Books of Blood, Volumes Four to Six, by Clive Barker (Sphere, 2007)

“In the Flesh”

A good but not great story that bears one of Barker’s weaknesses: terrific premise, great opening, really good characterization, then a really fuzzy ending that just peters out. Here’s what we’ve got: Two main characters—Cleve, an unrepentant career criminal in prison, and Tait, a young man who seems to have committed a crime solely to land in the same prison in which his grandfather was executed in 1937. That’s got a lot of potential, especially since it becomes apparent that the grandfather was some sort of murderous spiritualist or sorcerer who has been condemned to live his afterlife in a kind of purgatory in which he spends his existence reliving his crimes. Tait eventually vanishes, having found a way to contact his grandfather, and his body is found curled up with his grandfather’s skeleton when the grandfather’s grave is exhumed. That’s good stuff, even though it’s a bit unclear what exactly happened here. Cleve is eventually released and realizes that he now has the ability to hear other people’s thoughts that are connected with murderous desires and intentions. That doesn’t do anything good for his mental health and he begins a downward spiral that I won’t spoil here. One aspect of this story that I really like is that it directly connects back to Barker’s conceit, dealt with directly in the eponymous story in the first volume of The Books of Blood, in which it becomes clear that the entire world is also crisscrossed with the highways and byways of the dead, and these may lead to encounters between the dead and the living. Here, it becomes clear that not only do the dead have their own transportation networks, but they also have their own cities. In any case, the story is too long and the ending fizzles, but it contains some very interesting elements.

Black Wings of Cthulhu 3, edited by S.T. Joshi (Titan Books, 2015)

“The Hag Stone” by Richard Gavin

A good to very good story that contains some genuinely creepy elements. A young couple meet at a beach party and rapidly fall in love. Excellent characterization here—romance is extremely difficult to depict on the page, or at least I have always found that so, but Gavin does a great job with it. They uncover a stone with a hole drilled into it and the young woman of the pair uses it, semi-playfully, to try to perceive otherworldly things or entities or the future, per folklore. This, as it turns out, is an exceedingly bad idea. A malevolent entity begins to watch her, haunting her dreams and intruding itself into their lives. This triggers a downward spiral into madness that is also very well done. The ending is, as one might imagine, tragic. Horribly tragic. Very well done.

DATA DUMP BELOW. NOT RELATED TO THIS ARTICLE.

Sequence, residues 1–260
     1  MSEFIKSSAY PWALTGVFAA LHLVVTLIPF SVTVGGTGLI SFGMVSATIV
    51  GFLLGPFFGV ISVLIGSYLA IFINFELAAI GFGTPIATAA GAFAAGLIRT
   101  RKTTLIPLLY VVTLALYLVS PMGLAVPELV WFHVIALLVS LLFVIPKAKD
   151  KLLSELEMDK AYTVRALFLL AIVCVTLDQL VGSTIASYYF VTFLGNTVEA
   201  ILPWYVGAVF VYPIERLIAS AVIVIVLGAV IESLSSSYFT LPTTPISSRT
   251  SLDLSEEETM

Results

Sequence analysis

This story helped me realize and articulate one of my (minor) pet peeves in Lovecraftian or weird fiction: I tend not to like it when Lovecraft himself is mentioned in a story. I love Lovecraft, don’t get me wrong, but it breaks the fourth wall for me too much when he is brought into a story. It reminds me that I’m reading fiction in a way that I’d rather not be reminded. It’s not quite as bad as when some author thinks he’s being cute when he has a character say something like “Gosh, if this were a horror movie, the killer would jump out of the shadows!” and then a monster invariably does. Fortunately Gavin doesn’t commit a sin that grievous here, there’s just a brief mention by a character that Lovecraft once placed a chip from a gravestone he defaced(!) under his pillow and was inspired to write “The Hound,” which motivates the character to do something similar.